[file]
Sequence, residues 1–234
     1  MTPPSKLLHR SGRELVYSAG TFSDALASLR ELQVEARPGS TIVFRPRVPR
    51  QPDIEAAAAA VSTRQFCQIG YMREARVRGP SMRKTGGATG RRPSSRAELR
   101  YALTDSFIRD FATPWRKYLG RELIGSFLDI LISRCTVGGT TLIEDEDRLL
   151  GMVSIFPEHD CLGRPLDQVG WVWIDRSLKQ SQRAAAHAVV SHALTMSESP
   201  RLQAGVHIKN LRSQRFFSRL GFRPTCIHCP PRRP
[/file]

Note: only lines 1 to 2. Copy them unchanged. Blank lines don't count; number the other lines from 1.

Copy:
Sequence, residues 1–234
     1  MTPPSKLLHR SGRELVYSAG TFSDALASLR ELQVEARPGS TIVFRPRVPR